Expression cloning of lfc, a novel oncogene with structural similarities to guanine nucleotide exchange factors and to the regulatory region of protein kinase C

Ian Whitehead, Heather Kirk, Cristina Tognon, Genny Trigo-Gonzalez, Robert Kay

Research output: Contribution to journalArticlepeer-review

142 Scopus citations

Abstract

In order to identify cDNAs that can induce oncogenic transformation, a retroviral vector was used to transfer a library of cDNAs from the murine 32D hemopoietic cell line into NIH 3T3 fibroblasts. We have identified and recovered a provirus containing a 1.8-kilobase pair cDNA whose expression causes morphological transformation in NIH 3T3 cells. The transforming cDNA contains a complete open reading frame that encodes a protein (designated Lfc) with a region of sequence similarity to the product of the lbc oncogene. This region includes a domain that is characteristic of the CDC24 family of guanine nucleotide exchange factors in tandem with a pleckstrin homology (PH) domain. The Lfc protein is distinguished from Lbc by a 150-amino acid NH2- terminal extension that contains a cysteine- and histidine-rich domain similar to the diacylglycerol-binding site (zinc butterfly) found in protein kinase C. NH2-and COOH-terminal deletion analysis revealed that both the PH and putative guanine nucleotide exchange factor domains are required, but the zinc butterfly is dispensable, for transformation. Although the removal of the PH domain of the Lfc protein completely eliminated its ability to transform NIH 3T3 cells, replacement of this domain with an isoprenylation site restored all of its transforming activity. This suggests that a PH domain-dependent recruitment of the Lfc protein to the cellular membrane is a necessary step for cellular transformation. The lfc gene is expressed in a broad range of tissues as well as in a variety of hemopoietic and non- hemopoietic cell lines. Lfc appears to be a new member of a growing family of proteins that are likely to act as activators of Ras-like proteins in a developmental or cell-lineage specific manner.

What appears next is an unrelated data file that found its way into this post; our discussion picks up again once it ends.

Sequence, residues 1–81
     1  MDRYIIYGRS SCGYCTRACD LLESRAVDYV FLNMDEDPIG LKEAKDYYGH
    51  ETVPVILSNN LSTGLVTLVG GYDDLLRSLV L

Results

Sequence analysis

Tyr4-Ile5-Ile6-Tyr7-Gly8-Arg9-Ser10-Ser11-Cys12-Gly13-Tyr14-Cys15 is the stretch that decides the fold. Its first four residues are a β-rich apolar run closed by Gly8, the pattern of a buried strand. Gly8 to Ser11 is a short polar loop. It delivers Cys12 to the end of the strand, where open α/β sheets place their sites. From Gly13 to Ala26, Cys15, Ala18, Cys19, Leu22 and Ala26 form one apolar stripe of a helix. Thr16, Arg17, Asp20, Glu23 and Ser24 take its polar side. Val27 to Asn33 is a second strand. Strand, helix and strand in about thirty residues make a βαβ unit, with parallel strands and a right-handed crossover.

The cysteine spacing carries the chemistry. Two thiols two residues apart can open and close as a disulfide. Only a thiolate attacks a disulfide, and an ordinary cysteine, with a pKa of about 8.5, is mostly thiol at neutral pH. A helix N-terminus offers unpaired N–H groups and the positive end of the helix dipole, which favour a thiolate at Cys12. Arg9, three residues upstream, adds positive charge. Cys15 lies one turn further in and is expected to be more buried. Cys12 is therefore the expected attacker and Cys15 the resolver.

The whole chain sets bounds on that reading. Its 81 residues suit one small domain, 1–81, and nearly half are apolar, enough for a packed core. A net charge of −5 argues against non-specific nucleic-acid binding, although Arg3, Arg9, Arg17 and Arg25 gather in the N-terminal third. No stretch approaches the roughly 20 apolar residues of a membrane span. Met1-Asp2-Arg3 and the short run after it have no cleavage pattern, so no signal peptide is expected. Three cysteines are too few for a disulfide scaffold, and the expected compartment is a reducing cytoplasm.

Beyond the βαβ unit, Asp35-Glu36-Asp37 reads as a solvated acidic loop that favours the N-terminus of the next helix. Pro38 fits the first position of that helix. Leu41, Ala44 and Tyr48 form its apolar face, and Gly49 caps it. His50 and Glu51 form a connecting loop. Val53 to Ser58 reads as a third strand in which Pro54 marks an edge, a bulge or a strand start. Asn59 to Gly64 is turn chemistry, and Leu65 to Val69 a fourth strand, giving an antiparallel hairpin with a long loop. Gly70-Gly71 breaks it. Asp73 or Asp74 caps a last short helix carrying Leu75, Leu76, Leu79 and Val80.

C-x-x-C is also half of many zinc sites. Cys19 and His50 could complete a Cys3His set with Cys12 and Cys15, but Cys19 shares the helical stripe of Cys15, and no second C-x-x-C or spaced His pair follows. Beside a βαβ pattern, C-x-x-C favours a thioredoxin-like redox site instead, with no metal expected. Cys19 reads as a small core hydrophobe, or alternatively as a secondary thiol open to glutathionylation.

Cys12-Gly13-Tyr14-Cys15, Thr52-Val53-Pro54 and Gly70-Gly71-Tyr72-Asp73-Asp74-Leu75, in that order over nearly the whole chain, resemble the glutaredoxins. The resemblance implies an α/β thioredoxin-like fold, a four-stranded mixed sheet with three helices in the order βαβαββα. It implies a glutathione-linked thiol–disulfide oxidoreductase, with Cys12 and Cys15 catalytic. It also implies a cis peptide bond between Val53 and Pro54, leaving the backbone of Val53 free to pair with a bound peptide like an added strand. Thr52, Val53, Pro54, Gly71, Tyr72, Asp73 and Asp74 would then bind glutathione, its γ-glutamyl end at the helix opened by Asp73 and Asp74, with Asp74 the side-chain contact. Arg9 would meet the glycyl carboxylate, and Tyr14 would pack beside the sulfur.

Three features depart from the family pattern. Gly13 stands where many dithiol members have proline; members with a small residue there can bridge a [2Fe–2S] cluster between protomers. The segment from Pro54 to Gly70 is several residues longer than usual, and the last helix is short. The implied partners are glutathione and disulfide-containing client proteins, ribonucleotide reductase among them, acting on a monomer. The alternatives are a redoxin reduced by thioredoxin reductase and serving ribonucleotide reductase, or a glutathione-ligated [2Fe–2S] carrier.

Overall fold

Original languageEnglish (US)
Pages (from-to)18388-18395
Number of pages8
JournalJournal of Biological Chemistry
Volume270
Issue number31
DOIs
StatePublished - Aug 4 1995
Externally publishedYes

ASJC Scopus subject areas

  • Biochemistry
  • Molecular Biology
  • Cell Biology

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